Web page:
I would like to know whether there’s any research or correlation between the increased percentage of women (mainly in late 20s & 30s) needing IVF, and having been prescribed the contraceptive pill when younger and being on it for so many years. Is it a generational thing whereby doctors were too readily prescribing the contraceptive pill without properly investigating the source of the problem?
This is a perennial question and there has been a great deal of study of this issue, because the use of the pill is so common and very widespread. The general evidence suggests that there is absolutely no correlation between long-term or short-term pull use and the later need for infertility treatment or IVF. At the very least there is no causal link. However, because failure of ovulation or loss of periods is so common, some women coming off the pill and trying to get pregnant, find that they are not menstruating regularly or have no periods at al or re not ovulating. They are simply showing something that would have happened whether they were on the pill or not. The widespread evidence suggests that taking the pill has simply masked but not caused an underlying problem. That is to say that they would have stopped bleeding or stopped ovulation had they not been on the pill in the first place. Obviously, whilst pill taking, women have a bleed each month which is similar to a period. But when they stop the pill, they no longer have this withdrawal bleed so it seems as if the pill has caused the problem.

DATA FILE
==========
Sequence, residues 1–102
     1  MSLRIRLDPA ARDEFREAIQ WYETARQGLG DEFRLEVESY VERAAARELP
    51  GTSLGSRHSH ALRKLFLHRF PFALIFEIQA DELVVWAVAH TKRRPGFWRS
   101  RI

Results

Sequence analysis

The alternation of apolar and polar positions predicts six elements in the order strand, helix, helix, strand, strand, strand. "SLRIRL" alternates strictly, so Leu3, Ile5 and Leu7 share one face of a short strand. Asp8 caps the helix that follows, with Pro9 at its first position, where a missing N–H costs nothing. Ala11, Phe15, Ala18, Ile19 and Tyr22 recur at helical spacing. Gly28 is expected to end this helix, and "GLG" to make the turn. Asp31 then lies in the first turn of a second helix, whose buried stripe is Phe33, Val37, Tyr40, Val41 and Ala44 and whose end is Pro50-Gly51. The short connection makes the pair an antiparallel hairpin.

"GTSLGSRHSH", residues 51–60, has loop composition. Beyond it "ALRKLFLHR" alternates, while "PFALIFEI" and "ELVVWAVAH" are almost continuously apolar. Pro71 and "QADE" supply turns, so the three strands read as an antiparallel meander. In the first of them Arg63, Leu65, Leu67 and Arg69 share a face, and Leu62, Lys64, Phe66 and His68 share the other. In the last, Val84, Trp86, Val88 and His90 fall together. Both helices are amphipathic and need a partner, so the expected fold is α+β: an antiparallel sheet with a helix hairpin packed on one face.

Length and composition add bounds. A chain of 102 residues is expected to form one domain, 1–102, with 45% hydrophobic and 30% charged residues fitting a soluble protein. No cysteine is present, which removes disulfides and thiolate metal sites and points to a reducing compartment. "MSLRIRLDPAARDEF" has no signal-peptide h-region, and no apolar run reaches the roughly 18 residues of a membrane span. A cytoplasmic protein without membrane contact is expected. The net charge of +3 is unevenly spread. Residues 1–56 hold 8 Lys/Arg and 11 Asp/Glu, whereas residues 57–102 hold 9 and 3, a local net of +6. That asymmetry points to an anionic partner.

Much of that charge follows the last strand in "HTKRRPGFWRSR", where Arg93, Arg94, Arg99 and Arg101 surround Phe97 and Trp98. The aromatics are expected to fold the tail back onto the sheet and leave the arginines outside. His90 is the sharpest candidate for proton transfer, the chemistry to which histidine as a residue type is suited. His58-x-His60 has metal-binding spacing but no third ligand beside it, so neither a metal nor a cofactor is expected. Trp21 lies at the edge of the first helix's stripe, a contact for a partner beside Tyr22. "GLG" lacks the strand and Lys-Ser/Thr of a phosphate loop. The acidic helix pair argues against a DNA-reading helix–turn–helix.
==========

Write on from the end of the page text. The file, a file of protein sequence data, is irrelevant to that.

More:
When injectable hormones are used for contraception, all bleeding stops and this suppression of periods may occasionally continue for some months after the injectables are no longer being given.
I hope this answers your question.